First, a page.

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The sweet smell of success: how can we help educators develop a ‘nose’ for evidence they can use in the classroom?

By Blog Editor, IOE Digital, on 8 February 2018

Mutlu Cukurova and Rose Luckin
A good nose for what constitutes solid evidence: it’s something a scientist is lost without. This finely tuned ‘nose’ is not innate, it is the result of years of practice and learning. This practice and learning through constantly questioning and seeking evidence for decisions and beliefs is something that we academics apply equally to our teaching as to our research. However, recent headlines cast doubt on the belief that other practitioners are able to make good use of research. An article on the TES website argues that “Teacher involvement in research has no impact on pupils’ outcomes”. Can this really be true? If so, what can we do to ensure that the billions of pounds spent on educational research are made accessible to, and used by, our educators?
The realisation that this evidence-informed ‘nose’ is not necessarily shared by many of those involved in education, and in particular those involved in the design and use of technology for education, has also became starkly apparent to us through our development of a training course to help entrepreneurs and educators to understand research evidence. This enterprise is part of the EDUCATE project at the UCL Knowledge Lab.
One of our aims is for course participants to know how to interpret the research findings reported from published research studies. Our first stab at course design was far too complex for people who were highly intelligent, but preoccupied with running a business, or teaching a class. We needed to extract the essence of the course and, as Einstein is reported to have said, make it as simple as it could be, but no simpler. The second cohort of participants benefited from this much-improved offering.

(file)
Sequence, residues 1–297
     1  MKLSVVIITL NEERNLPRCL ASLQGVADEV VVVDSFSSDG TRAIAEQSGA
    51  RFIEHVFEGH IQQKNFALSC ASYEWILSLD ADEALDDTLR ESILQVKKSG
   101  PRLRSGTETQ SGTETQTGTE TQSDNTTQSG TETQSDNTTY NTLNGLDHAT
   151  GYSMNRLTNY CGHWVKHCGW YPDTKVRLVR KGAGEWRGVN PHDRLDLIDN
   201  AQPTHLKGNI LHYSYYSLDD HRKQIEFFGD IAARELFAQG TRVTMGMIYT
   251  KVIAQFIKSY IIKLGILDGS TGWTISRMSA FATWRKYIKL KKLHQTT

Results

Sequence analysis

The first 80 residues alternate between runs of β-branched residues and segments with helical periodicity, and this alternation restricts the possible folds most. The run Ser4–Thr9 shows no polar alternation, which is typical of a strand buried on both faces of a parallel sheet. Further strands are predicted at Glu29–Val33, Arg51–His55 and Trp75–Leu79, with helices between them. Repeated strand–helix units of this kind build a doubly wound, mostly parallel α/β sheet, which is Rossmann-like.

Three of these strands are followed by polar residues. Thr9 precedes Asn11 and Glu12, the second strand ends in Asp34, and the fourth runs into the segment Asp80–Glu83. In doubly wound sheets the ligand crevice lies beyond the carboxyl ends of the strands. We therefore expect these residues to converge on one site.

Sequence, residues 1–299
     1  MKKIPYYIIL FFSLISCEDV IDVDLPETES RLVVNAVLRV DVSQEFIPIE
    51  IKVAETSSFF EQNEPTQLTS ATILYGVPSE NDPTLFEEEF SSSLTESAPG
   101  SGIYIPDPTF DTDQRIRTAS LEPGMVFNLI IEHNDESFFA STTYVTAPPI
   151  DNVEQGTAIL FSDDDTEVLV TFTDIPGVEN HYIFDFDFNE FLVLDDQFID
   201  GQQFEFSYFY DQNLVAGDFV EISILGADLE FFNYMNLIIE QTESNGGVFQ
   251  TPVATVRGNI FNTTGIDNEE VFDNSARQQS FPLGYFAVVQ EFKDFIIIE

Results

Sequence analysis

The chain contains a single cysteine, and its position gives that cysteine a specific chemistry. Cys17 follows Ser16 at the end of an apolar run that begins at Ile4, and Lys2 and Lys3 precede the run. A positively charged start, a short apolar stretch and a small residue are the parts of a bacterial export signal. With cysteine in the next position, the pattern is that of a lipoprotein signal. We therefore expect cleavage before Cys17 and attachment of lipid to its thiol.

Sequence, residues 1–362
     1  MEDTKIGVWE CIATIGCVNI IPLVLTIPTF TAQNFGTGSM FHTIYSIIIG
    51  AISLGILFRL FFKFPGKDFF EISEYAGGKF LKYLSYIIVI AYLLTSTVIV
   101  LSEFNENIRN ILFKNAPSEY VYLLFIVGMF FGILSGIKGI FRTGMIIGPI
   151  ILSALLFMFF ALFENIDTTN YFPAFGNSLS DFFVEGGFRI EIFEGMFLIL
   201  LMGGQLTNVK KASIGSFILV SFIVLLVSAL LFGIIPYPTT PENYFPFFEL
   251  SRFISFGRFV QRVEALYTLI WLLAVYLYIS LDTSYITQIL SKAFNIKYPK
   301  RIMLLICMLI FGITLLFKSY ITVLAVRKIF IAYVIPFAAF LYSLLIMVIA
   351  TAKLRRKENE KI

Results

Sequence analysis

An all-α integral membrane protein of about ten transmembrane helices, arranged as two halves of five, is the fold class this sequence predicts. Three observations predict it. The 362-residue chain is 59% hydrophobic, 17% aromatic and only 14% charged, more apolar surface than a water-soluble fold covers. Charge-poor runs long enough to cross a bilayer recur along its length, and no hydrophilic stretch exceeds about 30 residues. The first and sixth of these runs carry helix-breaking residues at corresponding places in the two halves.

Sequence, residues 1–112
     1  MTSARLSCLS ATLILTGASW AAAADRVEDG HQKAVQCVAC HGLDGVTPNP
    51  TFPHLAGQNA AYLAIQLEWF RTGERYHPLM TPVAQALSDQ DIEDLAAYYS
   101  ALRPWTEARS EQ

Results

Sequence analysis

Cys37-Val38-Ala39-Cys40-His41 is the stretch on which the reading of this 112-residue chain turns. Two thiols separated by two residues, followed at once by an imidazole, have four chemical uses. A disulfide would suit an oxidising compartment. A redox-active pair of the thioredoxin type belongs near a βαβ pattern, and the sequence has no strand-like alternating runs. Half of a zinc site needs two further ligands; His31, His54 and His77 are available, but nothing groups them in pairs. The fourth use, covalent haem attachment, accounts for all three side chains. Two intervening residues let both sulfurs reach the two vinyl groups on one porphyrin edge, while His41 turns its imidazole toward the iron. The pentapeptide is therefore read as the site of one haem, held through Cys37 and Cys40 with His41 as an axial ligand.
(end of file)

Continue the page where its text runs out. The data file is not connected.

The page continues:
This experience has confirmed the belief that we do not spend long enough in our education system helping people to understand what evidence really is and how to make their own judgements about what they believe, how they are going to act as a result of these beliefs and how they can apply the evidence related to what they believe to their everyday practice. We are particularly concerned with the way in which educators can and cannot access research about teaching and learning and successfully apply it to their everyday practice.
The Uk Government’s investment of £125 million to found the Education Endowment Foundation (EEF) in 2011 with the aim of improving evidence-based practice in education; and the US, Every Student Succeeds Act of 2015, which encourages the use of educational practice that adopts evidence standards from experimental or quasi-experimental evaluation studies, show heartening interest in research based practice. However, how readily can practising educators access and use evidence in their teaching?
The EEF recently funded two large research trials involving 13,323 English primary schools to test the effectiveness of some of the commonly used ways of disseminating research evidence (see IOE blog).
Sadly, the results show no evidence that any of the interventions had a positive impact on students’ Key Stage 2 English scores. It comes as no surprise that the passive approach of essentially sending schools information was not successful, as there are at least two decades of research demonstrating that such passive approaches in the public services are not likely to be effective (Nutley, Walter, & Davies, 2007).